Many of our clients think of JLB Media Productions as a great budget option to produce quality, affordable corporate videos for their businesses. While we enjoy the opportunity to produce all types of corporate work, we also like to emphasize that our creativity is limited only by the budget, not by our experience. When you think of a restaurant chain like Olive Garden, you probably think of solid, affordable Italian food, nothing special, but not a bad option for a regular meal. When you think about Safeway, you maybe think of a regular, ordinary grocery store that will meet your needs most of the time, but nothing fancy like Whole Foods or Trader Joe’s with specialty items and whatnot. Every company has its niche, which they either define intentionally, or fall into unintentionally, but with a video production company the key ingredient is creativity.
If a video production company has just one staff member, a camera operator who also edits, the company may by design be more tailored to crafting straight-forward videos without a lot of bells and whistles. You wouldn’t hire Joe Blow Productions to create your nationwide commercial campaign, for instance. You would hire Joe Blow Productions for your internal company videos, though, because he’s affordable and delivers solid results for the audience. At essence, though, film is a very different business than grocery stores or restaurants. A grocery store could rebrand itself and change a bunch of their suppliers, reconstruct their stores, and focus on a new demographic. A restaurant could change directions and offer alternative foods, redo their ingredient lists and recipes, etc. In both cases, though, the businesses have to alter everything they do to serve a different demographic or need.
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With video production companies, the key is creativity because all filmmaking, from the lowest level to the highest level at major studios, is done by freelance professionals. The studio days are gone, which means every time Disney commissions a $200 million blockbuster, besides business staff, they hire all production professionals on a freelance contractor basis. Corporate video production companies do the same thing, unless they’re owner-operator outfits where one person does all of the work. The creation of a great video, then, is not the result of a company with hundreds of employees, where high level video creation is out of the realm of possibility for any smaller company. Any company, no matter how large or small, can create a great video with the right idea and the right budget.
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Let’s take a hypothetical example of how a small budget video is created, then look at a larger budget video to examine how a company addresses each need. On a $3,000 corporate video, the production company hires an appropriate videographer for a full day shoot, brings aboard a grip or production assistant to help the day progress more smoothly, and tasks a producer or project coordinator (or both) with tasks like paperwork, scheduling, and general planning. When production company and client agree on a production date, the pieces begin to move into place for planning the shoot, securing the contractors, and making the editor aware of incoming footage for the final edit. A $3,000 video is rarely a highly creative endeavor at the idea stage; instead, it’s the result of a client-directed video type and the execution of the plan by the production company. For instance, the client wants office B-roll and several interviews from key executives, then the editor compiles the footage into a company overview video.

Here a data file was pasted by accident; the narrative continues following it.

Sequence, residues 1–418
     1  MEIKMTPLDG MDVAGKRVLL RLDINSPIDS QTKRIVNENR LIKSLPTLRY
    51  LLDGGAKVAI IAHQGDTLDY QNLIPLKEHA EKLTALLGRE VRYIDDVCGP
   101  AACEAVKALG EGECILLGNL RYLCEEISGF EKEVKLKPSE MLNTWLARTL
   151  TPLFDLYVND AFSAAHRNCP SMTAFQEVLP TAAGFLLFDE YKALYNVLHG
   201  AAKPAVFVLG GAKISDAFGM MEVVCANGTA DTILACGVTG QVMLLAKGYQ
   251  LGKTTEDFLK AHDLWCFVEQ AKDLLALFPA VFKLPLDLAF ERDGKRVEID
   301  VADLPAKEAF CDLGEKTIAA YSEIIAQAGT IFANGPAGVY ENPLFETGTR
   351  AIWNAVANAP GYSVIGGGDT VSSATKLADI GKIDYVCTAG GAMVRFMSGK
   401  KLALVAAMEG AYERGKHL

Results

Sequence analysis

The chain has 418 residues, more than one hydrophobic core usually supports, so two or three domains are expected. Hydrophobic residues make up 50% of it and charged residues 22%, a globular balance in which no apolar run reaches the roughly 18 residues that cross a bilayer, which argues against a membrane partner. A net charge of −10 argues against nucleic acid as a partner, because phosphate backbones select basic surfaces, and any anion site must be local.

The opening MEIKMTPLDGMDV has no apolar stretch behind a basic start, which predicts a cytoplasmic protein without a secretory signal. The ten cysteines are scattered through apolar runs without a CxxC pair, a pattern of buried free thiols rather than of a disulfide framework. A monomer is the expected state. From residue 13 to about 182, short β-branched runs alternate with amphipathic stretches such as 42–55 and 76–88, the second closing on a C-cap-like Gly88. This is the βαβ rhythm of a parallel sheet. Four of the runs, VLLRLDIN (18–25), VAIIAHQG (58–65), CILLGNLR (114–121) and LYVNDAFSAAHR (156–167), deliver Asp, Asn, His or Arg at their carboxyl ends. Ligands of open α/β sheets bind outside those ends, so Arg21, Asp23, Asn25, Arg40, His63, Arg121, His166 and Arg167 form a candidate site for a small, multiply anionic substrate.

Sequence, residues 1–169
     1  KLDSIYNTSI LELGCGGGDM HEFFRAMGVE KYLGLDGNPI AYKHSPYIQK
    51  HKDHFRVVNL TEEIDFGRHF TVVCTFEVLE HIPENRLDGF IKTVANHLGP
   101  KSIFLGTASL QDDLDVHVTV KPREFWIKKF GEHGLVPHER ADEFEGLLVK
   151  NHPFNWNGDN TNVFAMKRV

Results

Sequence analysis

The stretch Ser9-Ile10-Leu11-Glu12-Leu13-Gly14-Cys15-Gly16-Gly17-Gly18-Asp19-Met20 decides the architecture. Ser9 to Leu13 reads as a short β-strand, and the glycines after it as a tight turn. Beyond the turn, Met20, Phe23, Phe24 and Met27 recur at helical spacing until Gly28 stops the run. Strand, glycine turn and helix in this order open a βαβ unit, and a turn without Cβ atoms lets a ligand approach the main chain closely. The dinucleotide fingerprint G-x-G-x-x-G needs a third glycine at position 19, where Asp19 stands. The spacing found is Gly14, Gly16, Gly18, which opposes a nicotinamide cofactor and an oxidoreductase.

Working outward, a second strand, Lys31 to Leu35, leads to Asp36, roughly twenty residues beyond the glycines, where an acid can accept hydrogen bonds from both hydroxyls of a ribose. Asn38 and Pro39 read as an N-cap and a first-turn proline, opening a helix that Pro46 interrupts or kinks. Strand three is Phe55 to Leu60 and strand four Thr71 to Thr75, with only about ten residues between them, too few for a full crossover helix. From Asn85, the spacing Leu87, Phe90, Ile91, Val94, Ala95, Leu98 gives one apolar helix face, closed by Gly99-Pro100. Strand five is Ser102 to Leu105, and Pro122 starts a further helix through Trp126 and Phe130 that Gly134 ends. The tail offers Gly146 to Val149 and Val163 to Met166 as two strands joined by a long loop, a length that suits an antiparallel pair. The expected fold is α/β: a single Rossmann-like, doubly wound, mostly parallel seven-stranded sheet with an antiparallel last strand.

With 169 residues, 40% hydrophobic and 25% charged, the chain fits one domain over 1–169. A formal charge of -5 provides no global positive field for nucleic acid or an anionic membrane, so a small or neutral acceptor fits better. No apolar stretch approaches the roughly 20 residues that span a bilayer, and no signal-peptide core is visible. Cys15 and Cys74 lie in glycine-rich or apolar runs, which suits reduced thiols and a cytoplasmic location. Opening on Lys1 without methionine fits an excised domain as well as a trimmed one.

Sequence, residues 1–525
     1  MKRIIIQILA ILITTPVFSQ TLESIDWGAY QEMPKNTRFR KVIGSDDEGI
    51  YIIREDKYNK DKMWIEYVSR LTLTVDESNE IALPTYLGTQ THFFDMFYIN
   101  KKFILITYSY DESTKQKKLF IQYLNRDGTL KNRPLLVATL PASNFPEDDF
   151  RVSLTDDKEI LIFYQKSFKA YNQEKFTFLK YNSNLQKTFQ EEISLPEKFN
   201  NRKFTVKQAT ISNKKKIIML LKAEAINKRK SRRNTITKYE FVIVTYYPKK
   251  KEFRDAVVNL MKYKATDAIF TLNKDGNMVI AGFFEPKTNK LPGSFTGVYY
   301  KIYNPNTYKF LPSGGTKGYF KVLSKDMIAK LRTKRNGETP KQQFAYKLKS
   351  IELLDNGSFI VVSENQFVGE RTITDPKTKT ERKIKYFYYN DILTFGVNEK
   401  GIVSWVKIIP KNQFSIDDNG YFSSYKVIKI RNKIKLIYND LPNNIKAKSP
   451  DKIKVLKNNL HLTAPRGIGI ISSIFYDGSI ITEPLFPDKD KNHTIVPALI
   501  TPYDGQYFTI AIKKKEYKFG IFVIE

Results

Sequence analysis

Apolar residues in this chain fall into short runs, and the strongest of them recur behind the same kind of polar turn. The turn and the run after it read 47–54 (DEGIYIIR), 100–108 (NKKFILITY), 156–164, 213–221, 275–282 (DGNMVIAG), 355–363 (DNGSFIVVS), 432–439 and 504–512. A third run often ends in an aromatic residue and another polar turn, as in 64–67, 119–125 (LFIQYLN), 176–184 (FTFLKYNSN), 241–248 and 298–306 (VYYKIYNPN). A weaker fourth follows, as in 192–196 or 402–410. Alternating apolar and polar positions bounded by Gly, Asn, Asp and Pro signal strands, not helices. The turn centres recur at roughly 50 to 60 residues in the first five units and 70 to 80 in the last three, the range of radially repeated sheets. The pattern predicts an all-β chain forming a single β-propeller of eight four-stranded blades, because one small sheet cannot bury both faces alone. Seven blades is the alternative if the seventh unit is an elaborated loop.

On a higher budget video, let’s say $20,000 for the sake of argument, the client wants a fun, creative concept that connects with viewers, makes them laugh, and makes them think highly of the brand in general and the company’s offerings specifically. A creative director pitches several ideas or concepts to the client, almost like story ideas, and the client picks an idea they like. The creative director then either writes the script themselves, or hires a professional writer, to flesh out the idea fully and bring it to life on paper. Once the script goes through client approvals and tweaks, it becomes the blueprint for the entire project, much like architectural plans for a building. A skyscraper condo building has a different set of professionals involved than a family style suburban restaurant, which guides the hiring process. In the same way, the script guides the production company in making hiring decisions.
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For our Mr. Formal commercial shoot, for instance, the script called for two locations, a Mr. Formal storefront and a mansion. With the importance of wardrobe, fitting sessions had to be scheduled with all of the actors, who had to be secured over a lengthy casting process. With the importance of beauty and fashion, a hair and makeup artist was a clear “must have” position based on the concept. Typical crew positions like cinematographer, gaffer, key grip, and 1st Assistant Director were brought aboard based on their specific skill set and expertise for the type of project.